Pali text, illustration and English translation of Dhammapada verse 150:
aṭṭhīnaṃ nagaraṃ kataṃ maṃsalohitalepanaṃ |
yattha jarā ca maccu ca māno makkho ca ohito || 150 ||
150. This city’s made of bones plastered with flesh and blood, within are stored decay and death, besmearing and conceit.
The Story of Nun Rūpanandā (Janapadakalyāni)
While residing at the Jetavana Monastery, the Buddha spoke this verse, with reference to Janapadakalyāni.
Princess Janapadakalyāni was the daughter-in-law of Gotami, the step-mother of Gotama the Buddha; because she was very beautiful she was also known as Rūpanandā. She was married to Nanda, half brother of the Buddha. One day she pondered, “My elder brother who could have become a Universal Monarch has renounced the world to become a monk; he is now a Buddha. Rāhula, the son of my elder brother, and my own husband Prince Nanda have also become monks. My mother Gotami has also become a nun, and I am all alone here!” So saying, she went to the monastery of some nuns and became a nun herself. Thus, she had become a nun not out of faith but only in imitation of others and because she felt lonely.
Rūpanandā had heard from others that the Buddha often taught impermanence, unsatisfactoriness and insubstantiality of the khandhas (component things). So she thought he would talk deprecatingly about her good looks if he should see her; and thus thinking, she kept away from the Buddha. But other nuns, coming back from the monastery, kept talking in praise of the Buddha; so, one day, she decided to accompany other nuns to the monastery.
The Buddha saw her and reflected, “A thorn can only be taken out with a thorn; Rūpanandā being very attached to her body and being very proud of her beauty, I must take the pride and attachment out of her through beauty.” So, with his supernormal power, he caused an image of a very beautiful lady of about sixteen years of age to be seated near him, fanning him. This young girl was visible only to Rūpanandā and the Buddha. When Rūpanandā saw the girl, she realized that compared to that girl, she herself was just like an old, ugly crow compared to a beautiful white swan. Rūpanandā had a good look at the girl and she felt that she liked her very much. Then, she looked again and was surprised to find that the girl had grown to the age of about twenty. Again and again, she looked at the figure beside the Buddha and every time she noticed that the girl had grown older and older. Thus, the girl turned into a grown-up lady, then into a middle-aged lady, and a very old lady, successively. Rūpanandā also noticed that with the arising of a new image, the old image disappeared, and she came to realize that there was a continuous process of change and decay in the body. With the coming of this realization, her attachment to the body diminished. Meanwhile, the figure near the Buddha had turned into an old, decrepit lady, who could no longer control her bodily functions, and was rolling in her own excreta. Finally, she died, her body got bloated, pus and maggots came out of the nine openings and crows and vultures were trying to snatch at the dead body.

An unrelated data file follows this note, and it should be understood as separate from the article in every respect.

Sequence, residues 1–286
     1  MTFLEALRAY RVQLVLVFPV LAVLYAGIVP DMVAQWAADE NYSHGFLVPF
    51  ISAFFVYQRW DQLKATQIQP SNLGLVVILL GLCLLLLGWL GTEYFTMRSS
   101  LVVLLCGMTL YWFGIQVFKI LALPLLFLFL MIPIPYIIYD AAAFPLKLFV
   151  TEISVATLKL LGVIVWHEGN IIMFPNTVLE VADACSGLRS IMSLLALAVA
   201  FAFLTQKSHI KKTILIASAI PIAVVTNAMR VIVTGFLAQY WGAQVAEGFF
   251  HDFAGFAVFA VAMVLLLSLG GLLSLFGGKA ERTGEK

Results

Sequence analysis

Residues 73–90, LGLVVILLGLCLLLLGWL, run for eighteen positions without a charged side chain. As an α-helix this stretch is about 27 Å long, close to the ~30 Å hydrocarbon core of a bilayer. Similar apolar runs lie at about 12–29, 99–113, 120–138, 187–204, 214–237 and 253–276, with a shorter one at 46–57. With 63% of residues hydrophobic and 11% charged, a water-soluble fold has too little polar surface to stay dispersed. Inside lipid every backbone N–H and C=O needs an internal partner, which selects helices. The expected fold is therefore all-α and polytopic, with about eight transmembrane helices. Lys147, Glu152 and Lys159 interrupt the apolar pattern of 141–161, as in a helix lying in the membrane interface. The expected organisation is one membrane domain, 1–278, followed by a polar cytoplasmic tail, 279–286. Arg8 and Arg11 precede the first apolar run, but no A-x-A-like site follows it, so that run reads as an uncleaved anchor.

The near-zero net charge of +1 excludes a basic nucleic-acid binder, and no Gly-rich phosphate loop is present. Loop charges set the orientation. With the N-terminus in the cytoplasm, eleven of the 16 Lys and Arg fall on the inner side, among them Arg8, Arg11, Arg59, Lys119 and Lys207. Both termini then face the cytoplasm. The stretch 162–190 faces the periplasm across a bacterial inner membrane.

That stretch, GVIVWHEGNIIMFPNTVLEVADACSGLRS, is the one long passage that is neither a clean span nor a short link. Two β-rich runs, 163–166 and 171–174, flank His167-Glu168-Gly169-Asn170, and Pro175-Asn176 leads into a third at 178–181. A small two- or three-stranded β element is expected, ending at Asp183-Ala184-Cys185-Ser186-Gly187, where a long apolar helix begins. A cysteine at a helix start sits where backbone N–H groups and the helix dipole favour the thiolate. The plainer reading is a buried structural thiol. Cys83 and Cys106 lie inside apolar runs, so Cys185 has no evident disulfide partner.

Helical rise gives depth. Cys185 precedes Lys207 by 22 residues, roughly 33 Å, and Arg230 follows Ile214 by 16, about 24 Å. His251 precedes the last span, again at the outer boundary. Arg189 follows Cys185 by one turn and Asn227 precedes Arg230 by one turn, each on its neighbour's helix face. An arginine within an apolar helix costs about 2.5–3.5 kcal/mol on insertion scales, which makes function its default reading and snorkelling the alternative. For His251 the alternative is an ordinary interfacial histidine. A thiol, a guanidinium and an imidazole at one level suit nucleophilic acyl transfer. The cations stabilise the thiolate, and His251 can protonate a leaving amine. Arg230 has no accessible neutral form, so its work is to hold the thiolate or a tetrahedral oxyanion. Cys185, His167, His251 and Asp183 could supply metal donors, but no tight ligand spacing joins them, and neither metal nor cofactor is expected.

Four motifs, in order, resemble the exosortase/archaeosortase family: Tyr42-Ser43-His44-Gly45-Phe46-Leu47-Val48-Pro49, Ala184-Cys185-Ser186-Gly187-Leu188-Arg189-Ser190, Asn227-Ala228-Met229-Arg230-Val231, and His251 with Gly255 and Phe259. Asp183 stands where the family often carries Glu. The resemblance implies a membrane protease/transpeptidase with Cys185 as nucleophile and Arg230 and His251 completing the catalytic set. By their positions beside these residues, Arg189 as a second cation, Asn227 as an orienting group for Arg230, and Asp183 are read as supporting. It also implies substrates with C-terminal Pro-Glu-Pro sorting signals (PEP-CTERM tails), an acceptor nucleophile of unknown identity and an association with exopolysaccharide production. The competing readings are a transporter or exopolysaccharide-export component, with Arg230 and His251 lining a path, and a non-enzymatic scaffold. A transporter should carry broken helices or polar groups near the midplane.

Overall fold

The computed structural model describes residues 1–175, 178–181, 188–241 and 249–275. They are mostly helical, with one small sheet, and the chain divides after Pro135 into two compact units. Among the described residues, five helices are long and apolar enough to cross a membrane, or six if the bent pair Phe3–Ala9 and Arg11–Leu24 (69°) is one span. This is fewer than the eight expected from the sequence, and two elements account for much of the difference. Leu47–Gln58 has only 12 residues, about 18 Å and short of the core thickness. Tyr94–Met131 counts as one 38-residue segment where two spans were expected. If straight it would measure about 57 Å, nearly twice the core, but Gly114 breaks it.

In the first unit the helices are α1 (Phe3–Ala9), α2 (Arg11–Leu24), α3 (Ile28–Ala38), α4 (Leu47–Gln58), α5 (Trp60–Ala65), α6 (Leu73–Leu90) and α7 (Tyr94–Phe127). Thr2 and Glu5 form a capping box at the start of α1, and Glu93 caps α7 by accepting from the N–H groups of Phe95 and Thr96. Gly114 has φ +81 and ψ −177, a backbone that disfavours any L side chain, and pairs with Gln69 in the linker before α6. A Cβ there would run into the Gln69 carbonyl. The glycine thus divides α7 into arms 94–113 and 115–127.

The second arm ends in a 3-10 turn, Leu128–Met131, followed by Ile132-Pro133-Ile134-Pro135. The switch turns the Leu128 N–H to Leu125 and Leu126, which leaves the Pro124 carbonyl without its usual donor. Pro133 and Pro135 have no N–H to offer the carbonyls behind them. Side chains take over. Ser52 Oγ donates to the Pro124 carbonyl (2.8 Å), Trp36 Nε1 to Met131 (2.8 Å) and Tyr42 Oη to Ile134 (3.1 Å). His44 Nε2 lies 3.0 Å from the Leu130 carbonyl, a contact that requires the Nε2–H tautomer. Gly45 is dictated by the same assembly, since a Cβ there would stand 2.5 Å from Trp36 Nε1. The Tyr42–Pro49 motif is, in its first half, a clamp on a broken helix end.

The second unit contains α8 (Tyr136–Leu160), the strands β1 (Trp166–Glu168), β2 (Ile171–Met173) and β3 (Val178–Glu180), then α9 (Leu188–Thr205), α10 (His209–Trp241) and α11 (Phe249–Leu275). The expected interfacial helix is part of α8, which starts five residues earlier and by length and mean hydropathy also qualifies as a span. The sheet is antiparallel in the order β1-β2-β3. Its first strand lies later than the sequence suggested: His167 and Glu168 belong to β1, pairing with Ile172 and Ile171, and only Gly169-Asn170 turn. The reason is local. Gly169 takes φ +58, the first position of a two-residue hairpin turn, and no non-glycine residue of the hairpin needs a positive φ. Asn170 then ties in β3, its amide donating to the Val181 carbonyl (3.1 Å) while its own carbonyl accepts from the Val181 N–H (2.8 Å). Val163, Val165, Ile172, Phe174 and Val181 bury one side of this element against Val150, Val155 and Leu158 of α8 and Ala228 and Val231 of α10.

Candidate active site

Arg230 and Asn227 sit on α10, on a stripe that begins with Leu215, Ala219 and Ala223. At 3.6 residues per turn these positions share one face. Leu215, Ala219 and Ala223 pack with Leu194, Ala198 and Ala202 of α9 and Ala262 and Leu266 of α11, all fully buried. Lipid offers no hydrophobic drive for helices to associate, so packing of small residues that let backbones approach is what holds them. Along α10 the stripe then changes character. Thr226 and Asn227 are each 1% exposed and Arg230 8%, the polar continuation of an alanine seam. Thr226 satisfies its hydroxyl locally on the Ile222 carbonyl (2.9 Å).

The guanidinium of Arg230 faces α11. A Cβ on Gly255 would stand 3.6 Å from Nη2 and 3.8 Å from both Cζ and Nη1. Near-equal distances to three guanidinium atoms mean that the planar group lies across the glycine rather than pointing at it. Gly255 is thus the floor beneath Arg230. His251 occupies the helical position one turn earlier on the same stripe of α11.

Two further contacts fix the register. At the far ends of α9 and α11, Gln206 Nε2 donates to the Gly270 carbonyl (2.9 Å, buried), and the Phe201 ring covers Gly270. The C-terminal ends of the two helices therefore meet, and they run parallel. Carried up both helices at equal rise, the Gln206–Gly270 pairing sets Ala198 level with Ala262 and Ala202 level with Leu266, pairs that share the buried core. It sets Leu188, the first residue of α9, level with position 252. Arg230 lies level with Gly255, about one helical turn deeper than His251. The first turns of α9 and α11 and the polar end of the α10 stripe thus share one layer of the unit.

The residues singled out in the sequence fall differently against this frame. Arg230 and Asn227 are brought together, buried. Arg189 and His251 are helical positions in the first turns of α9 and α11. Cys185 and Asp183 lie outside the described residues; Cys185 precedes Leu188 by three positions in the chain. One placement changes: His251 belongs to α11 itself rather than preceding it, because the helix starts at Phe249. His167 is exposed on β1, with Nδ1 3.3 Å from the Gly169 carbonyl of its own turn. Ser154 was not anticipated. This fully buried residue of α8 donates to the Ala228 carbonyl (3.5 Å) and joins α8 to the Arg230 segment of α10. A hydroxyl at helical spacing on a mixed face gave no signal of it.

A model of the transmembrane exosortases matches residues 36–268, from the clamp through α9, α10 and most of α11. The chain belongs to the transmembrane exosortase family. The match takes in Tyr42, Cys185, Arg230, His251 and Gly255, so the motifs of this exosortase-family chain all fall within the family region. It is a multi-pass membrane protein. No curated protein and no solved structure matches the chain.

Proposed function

Having seen all these, Rūpanandā pondered, “This young girl has grown old and decrepit and died in this very place under my own eyes. In the same way, my body will also grow old and wear out; it will be subject to disease and I will also die.” Thus, she came to perceive the true nature of the khandhas. At this point, the Buddha talked about the impermanence, the unsatisfactoriness and the insubstantiality of the khandhas, and Rūpanandā attained sotāpatti fruition.
Explanatory Translation (Verse 150)
yattha jarā ca maccū ca māno ca makkho ca ohito
maṃsalohita lepanaṃ aṭṭhīnaṃ kataṃ nagaraṃ
yattha: where; jarā ca: decay; maccū ca: death; māno makkho ca: pride and ingratitude too; ohito [ohita]: are deposited; maṃsalohita lepanaṃ [lepana]: plastered with flesh and blood; aṭṭhīnaṃ [aṭṭhīna]: of bones; kataṃ [kata]: is built; nagaraṃ [nagara]: a city
The body is made of bones which form its structure. This bare structure is plastered and filled with flesh and blood. Inside this citadel are deposited decay, death, pride and ingratitude.
Commentary and exegetical material (Verse 150)
makkho: ingratitude; slander. The tendency to run down others and to slur what is good about them is described as makkho. The bad quality of attempting to cancel even the highest traits of others is meant by this expression. Both laymen and the clergy may be guilty of this tendency to negate the good done to one by another. Here, it is considered a general human failing.